The common name for hernia is rupture. A hernia is a protrusion of an organ or part of an organ out of its normal location through an opening in the surrounding tissue. Most commonly the rupture takes place in the abdominal wall that encases the abdominal organs, and a swelling of variable size appears on the belly or between the hind legs. The rupture in the abdominal wall may be due to injury to this area or to its inherent weakness. There is often a hereditary predisposition to hernia. Though the swelling is usually painless and causes the animal only slight discomfort, it is sometimes very painful. The only treatment is surgical. The herniated organs are put back into the abdominal cavity and the rupture is repaired. In most cases, the operation is not difficult and the results are very favorable.

Mumps refers to a type of abscess that merits special attention. It has to do with the so-called parotid glands, which are salivary glands lying in a diffuse area behind and slightly below the ears. An inflammation of these glands is parotitis, or, as it is popularly known, mumps. It may occur in both acute and chronic forms. In the acute involvement, the outcome is usually favorable, whereas the chronic form is much less responsive to treatment.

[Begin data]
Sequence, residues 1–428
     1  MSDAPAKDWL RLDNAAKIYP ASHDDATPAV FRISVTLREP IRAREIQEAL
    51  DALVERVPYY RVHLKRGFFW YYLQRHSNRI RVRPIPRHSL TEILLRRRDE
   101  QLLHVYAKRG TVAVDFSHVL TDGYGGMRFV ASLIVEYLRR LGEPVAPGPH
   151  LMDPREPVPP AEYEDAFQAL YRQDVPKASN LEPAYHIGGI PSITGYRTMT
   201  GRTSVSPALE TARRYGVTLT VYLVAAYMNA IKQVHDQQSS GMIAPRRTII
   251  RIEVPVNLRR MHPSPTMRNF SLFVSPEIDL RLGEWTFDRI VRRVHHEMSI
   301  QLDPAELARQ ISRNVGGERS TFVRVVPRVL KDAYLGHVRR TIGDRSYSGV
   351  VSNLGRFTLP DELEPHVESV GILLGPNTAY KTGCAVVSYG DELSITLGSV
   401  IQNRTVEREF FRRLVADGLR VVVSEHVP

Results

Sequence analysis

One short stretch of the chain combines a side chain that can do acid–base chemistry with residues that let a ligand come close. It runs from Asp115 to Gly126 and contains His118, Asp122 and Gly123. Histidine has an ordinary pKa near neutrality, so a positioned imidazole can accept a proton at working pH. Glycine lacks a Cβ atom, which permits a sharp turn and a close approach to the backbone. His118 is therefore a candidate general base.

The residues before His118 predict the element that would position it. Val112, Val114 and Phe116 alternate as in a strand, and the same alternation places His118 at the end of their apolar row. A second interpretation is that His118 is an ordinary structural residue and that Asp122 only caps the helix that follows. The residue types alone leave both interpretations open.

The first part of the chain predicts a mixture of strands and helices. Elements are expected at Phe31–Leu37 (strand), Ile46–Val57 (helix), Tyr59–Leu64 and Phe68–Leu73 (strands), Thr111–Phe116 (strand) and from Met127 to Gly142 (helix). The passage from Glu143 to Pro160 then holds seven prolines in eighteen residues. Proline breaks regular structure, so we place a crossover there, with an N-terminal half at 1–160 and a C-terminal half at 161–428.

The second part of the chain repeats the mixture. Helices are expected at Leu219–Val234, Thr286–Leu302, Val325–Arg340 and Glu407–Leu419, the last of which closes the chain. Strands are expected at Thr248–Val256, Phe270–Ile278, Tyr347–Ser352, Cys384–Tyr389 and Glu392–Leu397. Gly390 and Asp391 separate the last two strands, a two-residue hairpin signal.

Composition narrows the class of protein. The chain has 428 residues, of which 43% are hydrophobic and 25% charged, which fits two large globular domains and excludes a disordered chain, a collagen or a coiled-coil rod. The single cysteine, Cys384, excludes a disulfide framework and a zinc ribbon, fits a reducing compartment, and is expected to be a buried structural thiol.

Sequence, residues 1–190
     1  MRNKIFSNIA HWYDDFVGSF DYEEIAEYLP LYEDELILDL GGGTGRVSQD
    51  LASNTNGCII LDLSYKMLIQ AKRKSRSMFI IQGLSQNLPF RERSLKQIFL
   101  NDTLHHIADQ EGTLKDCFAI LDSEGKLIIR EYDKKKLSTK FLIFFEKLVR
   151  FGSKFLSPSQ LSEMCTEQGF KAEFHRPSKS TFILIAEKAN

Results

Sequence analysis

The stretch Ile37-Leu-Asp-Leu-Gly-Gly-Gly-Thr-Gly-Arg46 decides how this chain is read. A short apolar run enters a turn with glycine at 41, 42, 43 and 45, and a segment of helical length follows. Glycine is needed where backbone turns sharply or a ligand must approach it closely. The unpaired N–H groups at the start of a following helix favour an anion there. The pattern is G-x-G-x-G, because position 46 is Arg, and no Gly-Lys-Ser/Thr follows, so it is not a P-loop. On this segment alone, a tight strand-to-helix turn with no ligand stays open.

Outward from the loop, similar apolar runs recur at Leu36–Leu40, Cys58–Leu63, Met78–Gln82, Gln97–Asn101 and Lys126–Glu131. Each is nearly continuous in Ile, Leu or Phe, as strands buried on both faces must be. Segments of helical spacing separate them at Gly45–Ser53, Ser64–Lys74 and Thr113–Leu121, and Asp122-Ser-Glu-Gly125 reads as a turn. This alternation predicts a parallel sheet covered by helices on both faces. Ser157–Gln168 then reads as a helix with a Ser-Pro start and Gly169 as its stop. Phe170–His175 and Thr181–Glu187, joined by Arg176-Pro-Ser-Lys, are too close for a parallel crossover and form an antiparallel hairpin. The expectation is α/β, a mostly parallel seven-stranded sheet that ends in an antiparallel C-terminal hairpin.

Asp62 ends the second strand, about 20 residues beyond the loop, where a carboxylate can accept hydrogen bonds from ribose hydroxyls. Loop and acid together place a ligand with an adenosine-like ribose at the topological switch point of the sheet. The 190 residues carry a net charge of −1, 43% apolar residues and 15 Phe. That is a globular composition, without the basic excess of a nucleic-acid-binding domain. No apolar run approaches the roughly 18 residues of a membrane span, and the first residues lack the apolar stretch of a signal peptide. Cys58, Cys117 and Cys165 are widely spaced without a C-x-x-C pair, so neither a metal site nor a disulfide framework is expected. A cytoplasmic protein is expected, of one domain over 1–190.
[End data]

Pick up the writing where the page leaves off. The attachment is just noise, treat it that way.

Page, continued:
Acute cases of mumps may be caused by injury, chemical effects due to the application of irritant drugs, or infection by a specific germ, or it may appear as a secondary manifestation of certain infectious diseases, inflammations of the throat or mouth, and other local inflammations. The chronic form may result from repeated attacks of the acute form or from obstruction of the salivary ducts of the gland.

Though the manifestations usually occur in one gland, both glands may be involved. In the acute form, the affected gland quickly develops a painful swelling that extends to the surrounding tissues. Where infection has been the cause, abscesses develop in the gland. If one gland is involved, the animal holds its head away from the affected side. When both glands are involved, the head is held extended. There is fever, depression, and impaired appetite. Streams of saliva may run out of the corners of the mouth. In the chronic form, the glands appear hard, swollen, and mildly painful, and gen¬eral symptoms are either lacking or not as prominent as in the acute form.

Heat, either by moist packs or infra-red ray, may be applied in the early stages of the disease. When abscesses occur, surgical and antiseptic measures are indicated. In chronic cases, various salutary medications are administered either orally or by injection.